The Academic Staff Union of Universities (ASUU) has accused the minister of labour and employment, Chris Ngige, of misinforming Nigerians, especially on issues surrounding the union's ongoing six-month-old industrial action.
The Lagos Zone of the union, in a statement issued on Wednesday and signed by the zonal coordinator, Olusiji Sowande, debunked the minister's claim that a meeting had been scheduled between the teachers' body and government representatives to assess the University Transparency and Accountability Solution (UTAS) developed by the union as an alternative to the government's controversial Integrated Payroll and Personnel Information System (IPPIS).
The union also denied the minister's claim that the IPPIS is the only reason for the union's strike, and claimed that, "Dr. Chris Ngige was also economical with the truth by misinforming the public that the government has been paying the salaries of members of our union to date."
The minister made the claims on Tuesday while appearing on Channels Television's Politics Today, where he noted that the ministries of finance, education, labour and employment, and the office of the accountant general of the federation will meet with ASUU to resolve the disagreement on IPPIS.
He said, "The issue of ASUU will soon come to an end for two reasons - ASUU has called the federal government, to be represented by finance and the office of the accountant-general and the education ministry to come for the test.
"We are ready to do that. After the Independence Day celebration, the four ministries and agencies involved will gather together with ASUU. We will look at the UTAS. If there are shortcomings with IPPIS as complained which UTAS has corrected. What's wrong about it? It is software, we will look at it.
"Secondly, ASUU members have been collecting their money since COVID-19 came and I wrote a memo to Mr President that ASUU members are still Nigerians. Even the members have families that they care for. By upper week, we are going to arrange for this demonstration."
But in its response, ASUU said one month after the UTAS was produced and a letter addressed to Mr. Ngige's ministry informing it of the development, it is yet to be acknowledged not to even talk of inviting the union to any meeting.
The statement reads in part; "The minister also misinformed the public by narrowing down the issues in contention to our rejection of IPPIS which UTAS seeks to replace. Other issues in contention for which our union is currently on total, comprehensive and indefinite strike include failure of government to fully implement the 2009 FGN-ASUU Agreement and February 2019 Memorandum of Action with timelines for release of funds for the revitalisation of dilapidated infrastructure in public universities, payment of outstanding earned academic allowances, conclusion of the renegotiation of 2009 FGN-ASUU Agreement, setting up of visitation panels to federal universities and proliferation of state universities."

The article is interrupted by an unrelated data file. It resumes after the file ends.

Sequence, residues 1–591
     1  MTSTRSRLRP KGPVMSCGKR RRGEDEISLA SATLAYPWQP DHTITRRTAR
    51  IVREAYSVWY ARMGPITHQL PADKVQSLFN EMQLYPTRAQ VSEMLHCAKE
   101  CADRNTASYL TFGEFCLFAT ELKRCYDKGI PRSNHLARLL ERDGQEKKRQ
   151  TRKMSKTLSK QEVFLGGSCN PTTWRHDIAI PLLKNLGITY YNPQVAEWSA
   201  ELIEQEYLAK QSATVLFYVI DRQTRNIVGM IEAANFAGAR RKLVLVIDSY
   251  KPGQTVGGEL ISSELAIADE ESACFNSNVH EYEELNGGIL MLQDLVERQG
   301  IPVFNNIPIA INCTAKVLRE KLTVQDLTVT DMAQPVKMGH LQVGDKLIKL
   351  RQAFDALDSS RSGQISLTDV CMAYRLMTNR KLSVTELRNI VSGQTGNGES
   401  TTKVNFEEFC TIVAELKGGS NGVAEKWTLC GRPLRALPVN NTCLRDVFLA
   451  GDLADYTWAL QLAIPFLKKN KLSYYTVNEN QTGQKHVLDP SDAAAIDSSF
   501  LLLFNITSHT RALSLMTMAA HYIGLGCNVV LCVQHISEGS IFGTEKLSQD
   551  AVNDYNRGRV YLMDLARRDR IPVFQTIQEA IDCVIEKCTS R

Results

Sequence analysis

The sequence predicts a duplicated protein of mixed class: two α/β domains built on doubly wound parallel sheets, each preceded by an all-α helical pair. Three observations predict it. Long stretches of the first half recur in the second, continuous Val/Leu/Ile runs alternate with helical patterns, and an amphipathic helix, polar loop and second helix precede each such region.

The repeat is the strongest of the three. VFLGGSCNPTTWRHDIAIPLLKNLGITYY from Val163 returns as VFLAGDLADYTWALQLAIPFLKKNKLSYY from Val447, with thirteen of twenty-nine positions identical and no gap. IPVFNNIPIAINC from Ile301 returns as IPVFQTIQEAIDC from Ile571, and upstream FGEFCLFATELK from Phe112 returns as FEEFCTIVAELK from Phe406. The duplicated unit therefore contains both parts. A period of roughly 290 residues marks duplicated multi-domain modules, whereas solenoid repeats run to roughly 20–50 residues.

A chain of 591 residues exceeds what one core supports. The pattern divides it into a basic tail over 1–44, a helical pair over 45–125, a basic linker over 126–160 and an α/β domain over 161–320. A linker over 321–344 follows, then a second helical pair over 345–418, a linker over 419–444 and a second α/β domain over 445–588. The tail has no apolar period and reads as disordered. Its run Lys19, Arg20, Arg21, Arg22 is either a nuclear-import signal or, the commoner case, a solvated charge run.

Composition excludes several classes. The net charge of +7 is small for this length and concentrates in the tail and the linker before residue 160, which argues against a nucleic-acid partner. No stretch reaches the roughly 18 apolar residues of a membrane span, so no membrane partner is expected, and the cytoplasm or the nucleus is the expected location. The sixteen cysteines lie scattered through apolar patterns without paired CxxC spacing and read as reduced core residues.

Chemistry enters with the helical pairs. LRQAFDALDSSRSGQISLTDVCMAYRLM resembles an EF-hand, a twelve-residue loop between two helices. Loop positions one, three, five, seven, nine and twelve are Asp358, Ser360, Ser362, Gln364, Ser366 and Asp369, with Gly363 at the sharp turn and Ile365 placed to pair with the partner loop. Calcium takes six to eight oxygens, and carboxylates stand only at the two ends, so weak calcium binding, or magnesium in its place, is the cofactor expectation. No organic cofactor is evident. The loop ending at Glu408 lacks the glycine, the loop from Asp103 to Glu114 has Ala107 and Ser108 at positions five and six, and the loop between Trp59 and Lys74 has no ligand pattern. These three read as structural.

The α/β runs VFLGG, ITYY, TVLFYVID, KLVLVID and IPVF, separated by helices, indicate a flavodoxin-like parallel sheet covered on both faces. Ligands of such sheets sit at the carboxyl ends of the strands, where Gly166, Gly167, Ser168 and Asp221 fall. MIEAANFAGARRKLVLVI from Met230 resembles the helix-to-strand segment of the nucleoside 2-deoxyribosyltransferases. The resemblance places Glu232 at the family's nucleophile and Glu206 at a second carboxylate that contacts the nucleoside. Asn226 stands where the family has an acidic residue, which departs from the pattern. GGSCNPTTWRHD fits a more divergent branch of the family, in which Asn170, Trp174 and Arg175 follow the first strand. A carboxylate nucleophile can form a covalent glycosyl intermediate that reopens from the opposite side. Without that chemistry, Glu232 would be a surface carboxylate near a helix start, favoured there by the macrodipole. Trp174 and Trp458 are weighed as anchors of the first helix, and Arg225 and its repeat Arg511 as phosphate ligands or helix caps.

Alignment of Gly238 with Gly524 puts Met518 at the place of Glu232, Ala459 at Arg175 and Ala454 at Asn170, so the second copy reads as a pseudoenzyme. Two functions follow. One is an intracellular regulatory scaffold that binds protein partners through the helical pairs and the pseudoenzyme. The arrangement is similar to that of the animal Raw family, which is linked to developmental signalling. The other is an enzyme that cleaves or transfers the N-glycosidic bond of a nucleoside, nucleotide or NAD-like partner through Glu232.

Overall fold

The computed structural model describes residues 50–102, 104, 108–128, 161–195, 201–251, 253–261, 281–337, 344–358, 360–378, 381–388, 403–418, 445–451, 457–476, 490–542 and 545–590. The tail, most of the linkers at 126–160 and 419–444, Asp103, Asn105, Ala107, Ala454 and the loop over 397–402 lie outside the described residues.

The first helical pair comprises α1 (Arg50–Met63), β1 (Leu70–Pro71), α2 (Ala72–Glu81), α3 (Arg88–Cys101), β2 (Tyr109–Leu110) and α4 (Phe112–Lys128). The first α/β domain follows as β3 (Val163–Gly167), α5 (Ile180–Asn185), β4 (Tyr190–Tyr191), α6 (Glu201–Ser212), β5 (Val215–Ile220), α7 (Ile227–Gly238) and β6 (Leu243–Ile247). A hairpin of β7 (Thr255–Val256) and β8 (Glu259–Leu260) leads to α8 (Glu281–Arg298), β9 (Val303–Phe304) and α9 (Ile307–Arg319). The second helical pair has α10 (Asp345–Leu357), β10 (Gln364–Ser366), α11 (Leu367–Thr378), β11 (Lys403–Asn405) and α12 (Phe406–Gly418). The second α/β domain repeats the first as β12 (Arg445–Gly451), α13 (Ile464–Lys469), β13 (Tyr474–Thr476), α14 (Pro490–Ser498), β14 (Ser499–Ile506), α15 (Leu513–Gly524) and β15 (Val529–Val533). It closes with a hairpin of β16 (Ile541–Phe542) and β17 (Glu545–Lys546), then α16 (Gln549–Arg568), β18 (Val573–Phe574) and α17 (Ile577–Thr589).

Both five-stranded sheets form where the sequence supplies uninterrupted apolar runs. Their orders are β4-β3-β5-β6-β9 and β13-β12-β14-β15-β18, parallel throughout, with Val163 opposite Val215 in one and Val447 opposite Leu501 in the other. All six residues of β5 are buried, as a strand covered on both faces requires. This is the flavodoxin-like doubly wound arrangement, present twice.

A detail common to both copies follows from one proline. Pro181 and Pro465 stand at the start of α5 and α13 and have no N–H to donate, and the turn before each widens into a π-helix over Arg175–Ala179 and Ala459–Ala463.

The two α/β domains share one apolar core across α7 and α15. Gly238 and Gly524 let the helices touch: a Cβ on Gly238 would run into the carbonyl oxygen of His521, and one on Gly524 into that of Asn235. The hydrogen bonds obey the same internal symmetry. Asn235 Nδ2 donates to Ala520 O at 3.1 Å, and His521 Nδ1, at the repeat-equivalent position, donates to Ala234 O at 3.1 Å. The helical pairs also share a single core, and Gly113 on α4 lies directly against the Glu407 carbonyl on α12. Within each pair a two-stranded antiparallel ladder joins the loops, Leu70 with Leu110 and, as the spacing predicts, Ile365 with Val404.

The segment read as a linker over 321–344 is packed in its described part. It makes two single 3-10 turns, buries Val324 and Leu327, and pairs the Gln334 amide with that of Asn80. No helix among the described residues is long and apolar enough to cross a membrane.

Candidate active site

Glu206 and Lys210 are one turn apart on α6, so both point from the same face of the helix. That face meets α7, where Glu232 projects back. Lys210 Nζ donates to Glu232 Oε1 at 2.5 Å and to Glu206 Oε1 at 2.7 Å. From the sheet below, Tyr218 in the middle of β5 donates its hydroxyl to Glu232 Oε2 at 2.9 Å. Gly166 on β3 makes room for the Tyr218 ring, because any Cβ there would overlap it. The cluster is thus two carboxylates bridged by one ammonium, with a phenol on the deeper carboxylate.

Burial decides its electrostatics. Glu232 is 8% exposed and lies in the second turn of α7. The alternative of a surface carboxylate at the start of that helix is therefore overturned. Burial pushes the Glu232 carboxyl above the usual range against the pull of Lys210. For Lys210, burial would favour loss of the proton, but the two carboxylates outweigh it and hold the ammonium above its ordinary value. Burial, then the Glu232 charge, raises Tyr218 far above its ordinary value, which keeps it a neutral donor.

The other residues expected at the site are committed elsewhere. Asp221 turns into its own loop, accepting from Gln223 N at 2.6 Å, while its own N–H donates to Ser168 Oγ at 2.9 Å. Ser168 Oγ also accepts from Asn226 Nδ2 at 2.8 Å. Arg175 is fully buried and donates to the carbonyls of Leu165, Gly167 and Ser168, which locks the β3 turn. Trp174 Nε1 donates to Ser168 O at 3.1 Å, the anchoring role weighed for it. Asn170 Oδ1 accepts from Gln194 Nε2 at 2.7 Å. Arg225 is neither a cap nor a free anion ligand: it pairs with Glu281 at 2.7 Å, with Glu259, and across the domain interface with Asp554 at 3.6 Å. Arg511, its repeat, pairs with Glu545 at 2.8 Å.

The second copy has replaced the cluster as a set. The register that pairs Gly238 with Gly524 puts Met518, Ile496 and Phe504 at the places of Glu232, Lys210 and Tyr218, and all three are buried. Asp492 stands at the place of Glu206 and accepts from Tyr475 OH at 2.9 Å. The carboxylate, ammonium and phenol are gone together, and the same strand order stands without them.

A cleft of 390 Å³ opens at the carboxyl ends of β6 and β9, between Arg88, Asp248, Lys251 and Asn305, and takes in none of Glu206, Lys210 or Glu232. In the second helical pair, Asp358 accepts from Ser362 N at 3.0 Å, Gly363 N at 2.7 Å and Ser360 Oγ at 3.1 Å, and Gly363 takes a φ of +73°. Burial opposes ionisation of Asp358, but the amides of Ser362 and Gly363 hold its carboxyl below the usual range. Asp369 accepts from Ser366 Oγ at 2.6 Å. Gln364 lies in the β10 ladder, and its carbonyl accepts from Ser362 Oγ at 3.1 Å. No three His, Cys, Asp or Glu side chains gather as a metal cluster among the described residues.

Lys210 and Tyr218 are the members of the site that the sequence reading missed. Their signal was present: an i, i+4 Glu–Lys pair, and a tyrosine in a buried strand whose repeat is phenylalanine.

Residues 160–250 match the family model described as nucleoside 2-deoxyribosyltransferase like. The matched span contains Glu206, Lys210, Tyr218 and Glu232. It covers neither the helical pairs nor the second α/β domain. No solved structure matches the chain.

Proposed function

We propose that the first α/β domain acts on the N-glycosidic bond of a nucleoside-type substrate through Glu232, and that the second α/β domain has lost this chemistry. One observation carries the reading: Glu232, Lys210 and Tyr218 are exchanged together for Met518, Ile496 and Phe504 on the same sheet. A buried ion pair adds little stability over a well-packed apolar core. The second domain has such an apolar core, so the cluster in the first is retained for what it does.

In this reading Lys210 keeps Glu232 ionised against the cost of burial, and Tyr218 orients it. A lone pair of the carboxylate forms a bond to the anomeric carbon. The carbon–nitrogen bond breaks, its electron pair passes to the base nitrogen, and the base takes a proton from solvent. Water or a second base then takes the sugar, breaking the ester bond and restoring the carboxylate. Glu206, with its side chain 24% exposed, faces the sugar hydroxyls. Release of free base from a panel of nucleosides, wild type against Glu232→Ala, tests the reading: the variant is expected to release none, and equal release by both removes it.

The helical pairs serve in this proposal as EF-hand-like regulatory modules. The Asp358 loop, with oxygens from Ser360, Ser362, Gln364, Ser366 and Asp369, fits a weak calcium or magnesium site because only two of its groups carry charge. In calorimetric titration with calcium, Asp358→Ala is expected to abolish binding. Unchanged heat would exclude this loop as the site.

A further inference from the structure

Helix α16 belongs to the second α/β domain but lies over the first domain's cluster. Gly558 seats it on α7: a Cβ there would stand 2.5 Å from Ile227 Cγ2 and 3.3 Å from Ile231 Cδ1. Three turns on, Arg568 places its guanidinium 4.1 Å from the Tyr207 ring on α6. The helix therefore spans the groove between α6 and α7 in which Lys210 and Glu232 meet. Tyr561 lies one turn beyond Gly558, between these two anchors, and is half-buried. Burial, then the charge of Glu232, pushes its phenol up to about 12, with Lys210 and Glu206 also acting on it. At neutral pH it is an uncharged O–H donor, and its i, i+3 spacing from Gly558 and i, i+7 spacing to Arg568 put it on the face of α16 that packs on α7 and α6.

ASUU added that as against the minister's claim on its members' salary payments, "the government only paid our salaries up to June 2020. As of today, our members are being owed three (3) months salaries while in some universities our members have not received salary for six (6) months."
The union also alleged that the office of the accountant general of the federation has "criminally-withheld" five months check-off deducted from members' salaries.
"We are therefore surprised that the minister could go on air to present information which he has not verified as truth to the unsuspecting public. The ongoing total, comprehensive and indefinite strike action by our union will continue if this propaganda and lies against ASUU persists," ASUU added, even as it urged well-meaning Nigerians to prevail on the government to address the matter fairly and quickly.
On the same date the federal government shutdown academic institutions as part of efforts towards addressing the coronavirus disease pandemic, ASUU on March 23 commenced industrial action over alleged shortcomings of IPPIS and the failure of the federal government to honour its 2019 agreement, among other matters.
ASUU also condemned the unending renegotiation of its 2009 ASUU-FGN agreement, which had commenced in 2017 with the former chairman of the governing council of the University of Lagos (UNILAG), Wale Babalakin, as chairman.
However, Mr. Babalakin recently resigned his membership of the renegotiation committee. This was contained in a recent letter addressed to President Muhammadu Buhari through the education minister, Adamu Adamu, announcing his resignation from both the governing council of the university and the renegotiation committee.